President Joe Biden will turn his focus to supply-chain transportation bottlenecks on Wednesday, as the congested Port of Los Angeles will announce a 24 hours a day, seven days a week effort to confront the squeeze on goods.

A meeting at the White House will convene corporate executives, labor leaders as well as port officials, and Biden plans to highlight their efforts to ease distribution backlogs and respond to product demands that have grown during the coronavirus pandemic, two administration officials said on the condition of anonymity to preview the day’s events.

The 24/7 shift by the Port of Los Angeles follows a move last month by the nearby Port of Long Beach to a similar schedule. FedEx Corp., United Parcel Service Inc. and Walmart Inc. are also pledging to move to 24/7 operations, the official added, while Target. Corp., Samsung Electronics Co. and Home Depot Inc. are taking steps to start addressing the backlog in distribution.

The White House said that among those six companies, a total of 3,500 additional containers a week would be moving at night through the end of the year.

“Large companies are announcing they will use expanded hours to move more cargo off the docks, so ships can come to shore faster,” the White House said. “Unlike leading ports around the world, U.S. ports have failed to realize the full possibility offered by operation on nights and weekends.”

Analysts see supply-chain problems as a drag on economic growth as well as their projections for the coming months, while consumers regard them as a sign of, perhaps, deeper problems with the economy.

Though the Biden administration is feeling the economic blowback from supply-chain congestion, its power to manage it is limited since all the links in the chain are in private hands. In recent efforts to improve distribution, it has tried to play an honest-broker role in coordinating commitments made across the private sector and in working with labor unions, the official said. It is urging entities along the supply chain to engage in a 90-day dash to the end of the year to eliminate supply jams that can be speedily addressed, the official added.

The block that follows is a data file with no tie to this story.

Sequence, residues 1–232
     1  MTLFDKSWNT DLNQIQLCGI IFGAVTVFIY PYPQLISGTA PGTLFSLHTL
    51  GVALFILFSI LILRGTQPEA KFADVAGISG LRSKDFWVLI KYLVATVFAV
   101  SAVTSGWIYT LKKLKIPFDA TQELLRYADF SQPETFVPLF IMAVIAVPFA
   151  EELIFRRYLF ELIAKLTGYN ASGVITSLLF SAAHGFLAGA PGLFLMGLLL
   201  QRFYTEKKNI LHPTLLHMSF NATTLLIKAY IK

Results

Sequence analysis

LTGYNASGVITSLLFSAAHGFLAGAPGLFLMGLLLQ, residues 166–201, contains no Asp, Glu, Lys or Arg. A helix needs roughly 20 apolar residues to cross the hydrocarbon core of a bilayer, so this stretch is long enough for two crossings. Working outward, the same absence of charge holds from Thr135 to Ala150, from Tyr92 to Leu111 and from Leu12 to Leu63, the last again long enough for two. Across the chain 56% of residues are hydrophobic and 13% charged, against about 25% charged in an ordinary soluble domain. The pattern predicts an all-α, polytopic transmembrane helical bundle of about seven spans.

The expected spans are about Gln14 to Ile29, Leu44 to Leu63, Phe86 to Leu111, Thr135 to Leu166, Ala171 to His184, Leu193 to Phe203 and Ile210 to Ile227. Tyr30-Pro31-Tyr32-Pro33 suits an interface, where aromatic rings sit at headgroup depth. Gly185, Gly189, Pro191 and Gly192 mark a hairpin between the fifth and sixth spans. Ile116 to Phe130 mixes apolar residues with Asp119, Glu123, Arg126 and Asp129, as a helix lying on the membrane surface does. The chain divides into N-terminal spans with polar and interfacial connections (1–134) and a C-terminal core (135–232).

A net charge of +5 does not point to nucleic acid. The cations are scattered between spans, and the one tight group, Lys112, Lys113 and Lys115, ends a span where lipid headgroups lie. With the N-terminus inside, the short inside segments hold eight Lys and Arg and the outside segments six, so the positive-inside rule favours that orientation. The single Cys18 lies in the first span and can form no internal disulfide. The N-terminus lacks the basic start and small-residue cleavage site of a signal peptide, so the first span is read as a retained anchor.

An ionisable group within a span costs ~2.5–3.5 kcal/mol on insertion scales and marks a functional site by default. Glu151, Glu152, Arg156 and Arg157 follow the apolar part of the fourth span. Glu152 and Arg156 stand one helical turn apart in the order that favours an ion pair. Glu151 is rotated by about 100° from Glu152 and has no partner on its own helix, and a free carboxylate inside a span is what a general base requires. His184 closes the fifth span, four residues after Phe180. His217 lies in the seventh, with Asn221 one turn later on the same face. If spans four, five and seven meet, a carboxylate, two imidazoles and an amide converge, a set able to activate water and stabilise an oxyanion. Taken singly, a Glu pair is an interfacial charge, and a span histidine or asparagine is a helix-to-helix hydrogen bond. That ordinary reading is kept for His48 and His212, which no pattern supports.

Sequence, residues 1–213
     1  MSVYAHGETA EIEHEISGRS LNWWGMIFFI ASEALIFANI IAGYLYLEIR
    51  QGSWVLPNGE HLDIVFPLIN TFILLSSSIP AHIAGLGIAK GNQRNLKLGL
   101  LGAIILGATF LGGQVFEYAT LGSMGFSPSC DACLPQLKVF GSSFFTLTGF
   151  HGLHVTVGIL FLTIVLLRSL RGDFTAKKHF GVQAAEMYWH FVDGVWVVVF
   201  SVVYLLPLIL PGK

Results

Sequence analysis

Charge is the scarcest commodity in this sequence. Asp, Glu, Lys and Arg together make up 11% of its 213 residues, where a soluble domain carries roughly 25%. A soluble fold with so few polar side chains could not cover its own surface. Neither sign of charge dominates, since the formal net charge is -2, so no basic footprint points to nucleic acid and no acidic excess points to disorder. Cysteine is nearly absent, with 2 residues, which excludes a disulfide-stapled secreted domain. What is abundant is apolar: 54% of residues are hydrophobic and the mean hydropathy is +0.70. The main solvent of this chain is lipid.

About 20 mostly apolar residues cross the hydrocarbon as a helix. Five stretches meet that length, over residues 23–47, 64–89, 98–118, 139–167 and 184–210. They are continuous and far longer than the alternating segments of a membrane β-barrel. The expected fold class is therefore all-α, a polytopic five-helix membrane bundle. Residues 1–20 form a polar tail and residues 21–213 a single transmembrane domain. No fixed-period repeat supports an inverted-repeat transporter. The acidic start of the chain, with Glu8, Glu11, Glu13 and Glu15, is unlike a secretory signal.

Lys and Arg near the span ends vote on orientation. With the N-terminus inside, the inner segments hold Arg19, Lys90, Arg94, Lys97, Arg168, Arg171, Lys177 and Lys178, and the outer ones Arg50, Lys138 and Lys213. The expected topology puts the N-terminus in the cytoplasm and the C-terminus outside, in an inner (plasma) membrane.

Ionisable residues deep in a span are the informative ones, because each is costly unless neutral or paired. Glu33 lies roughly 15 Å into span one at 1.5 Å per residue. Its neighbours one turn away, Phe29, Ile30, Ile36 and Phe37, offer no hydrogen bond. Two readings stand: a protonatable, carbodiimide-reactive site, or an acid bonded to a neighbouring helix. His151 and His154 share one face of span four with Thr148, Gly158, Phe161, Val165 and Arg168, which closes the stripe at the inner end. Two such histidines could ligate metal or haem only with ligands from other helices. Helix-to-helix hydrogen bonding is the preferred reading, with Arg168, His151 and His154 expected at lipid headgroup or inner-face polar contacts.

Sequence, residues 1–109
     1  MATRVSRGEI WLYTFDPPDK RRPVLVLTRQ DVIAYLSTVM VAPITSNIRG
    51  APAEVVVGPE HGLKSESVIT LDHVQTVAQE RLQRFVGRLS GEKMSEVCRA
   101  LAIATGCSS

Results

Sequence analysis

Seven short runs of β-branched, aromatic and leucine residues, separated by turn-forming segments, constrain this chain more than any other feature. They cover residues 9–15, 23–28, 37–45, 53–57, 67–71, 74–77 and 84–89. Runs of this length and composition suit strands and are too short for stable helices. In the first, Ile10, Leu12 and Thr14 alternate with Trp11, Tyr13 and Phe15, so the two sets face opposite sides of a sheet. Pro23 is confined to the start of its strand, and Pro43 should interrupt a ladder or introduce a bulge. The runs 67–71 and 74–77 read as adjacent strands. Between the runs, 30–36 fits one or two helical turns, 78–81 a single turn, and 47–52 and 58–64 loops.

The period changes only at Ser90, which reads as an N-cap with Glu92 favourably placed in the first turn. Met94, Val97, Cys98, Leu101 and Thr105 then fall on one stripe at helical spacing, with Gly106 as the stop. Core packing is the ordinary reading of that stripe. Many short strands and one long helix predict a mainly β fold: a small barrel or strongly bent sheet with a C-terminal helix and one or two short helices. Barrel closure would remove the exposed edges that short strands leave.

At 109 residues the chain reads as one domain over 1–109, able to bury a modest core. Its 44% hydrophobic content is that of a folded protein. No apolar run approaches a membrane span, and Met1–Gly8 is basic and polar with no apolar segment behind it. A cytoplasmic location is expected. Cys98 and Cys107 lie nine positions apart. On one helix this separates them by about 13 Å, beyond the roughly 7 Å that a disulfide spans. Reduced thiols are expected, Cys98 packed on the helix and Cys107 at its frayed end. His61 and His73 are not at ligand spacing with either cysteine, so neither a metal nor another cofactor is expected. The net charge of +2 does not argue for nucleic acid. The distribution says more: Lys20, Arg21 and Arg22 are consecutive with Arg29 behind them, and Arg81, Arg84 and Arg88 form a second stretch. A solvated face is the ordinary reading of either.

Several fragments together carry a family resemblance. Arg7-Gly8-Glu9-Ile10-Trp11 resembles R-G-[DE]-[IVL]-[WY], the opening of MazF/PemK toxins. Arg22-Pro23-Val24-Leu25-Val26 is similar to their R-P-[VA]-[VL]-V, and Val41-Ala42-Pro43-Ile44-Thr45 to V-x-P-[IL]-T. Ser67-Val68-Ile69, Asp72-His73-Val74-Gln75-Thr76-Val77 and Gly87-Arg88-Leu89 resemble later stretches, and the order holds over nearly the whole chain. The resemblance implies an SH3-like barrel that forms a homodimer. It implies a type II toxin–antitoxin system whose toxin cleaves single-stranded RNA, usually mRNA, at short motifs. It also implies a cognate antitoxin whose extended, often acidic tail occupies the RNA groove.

The administration hopes that the moves being rolled out on Wednesday will motivate other companies to take similar steps, the official said, and will next set its sights on working with the trucking and freight industries.

The chief executives of the companies making new pledges on Wednesday are set to attend a virtual meeting with Biden, as are the executive directors of the Port of Los Angeles and the Port of Long Beach. Leaders from key unions—the Teamsters, the AFL-CIO’s Transportation Trades Department, and the International Longshore and Warehouse Union—and trade associations—the U.S. Chamber of Commerce, the National Retail Federation and the American Association of Railroads, among others—are also expected to attend.

The White House has been working for months to address near-term supply chain problems, establishing a wide-ranging review with a February executive order and forming a Supply Chain Disruptions Task Force in June.

Supply chain snags are ubiquitous for every major industry across the U.S., affecting everything from smartphones to tractors to couches. There are a range of problems, including a lack of domestic production capacity, a shortage of trucks, a dearth of workers, overbooked ocean freight and, in some cases, decaying infrastructure.

The situation is so dire that companies are internally forecasting hangups will last through most of 2022, which could slow hiring, dampen profits and hamper economic growth.

For instance, the global chip shortage prompted Caterpillar earlier this year to warn investors that the company might not meet demand. The shortfalls led Detroit automakers to become more resigned to sales dropping after striking an optimistic tone in the first half of the year. Apple, one of the largest technology companies in the world, is likely to slash its iPhone 13 production targets by as many as 10 million units for 2021, Bloomberg News reported Tuesday.

The International Monetary Fund on Tuesday lowered its global and U.S. growth forecasts for this year, charting a slower than anticipated economic recovery. Its 2021 estimate for the U.S. fell a full percentage point to 6%, citing supply constraints as a key factor, though it also hiked its 2022 projection for the U.S. from 4.9% to 5.2%.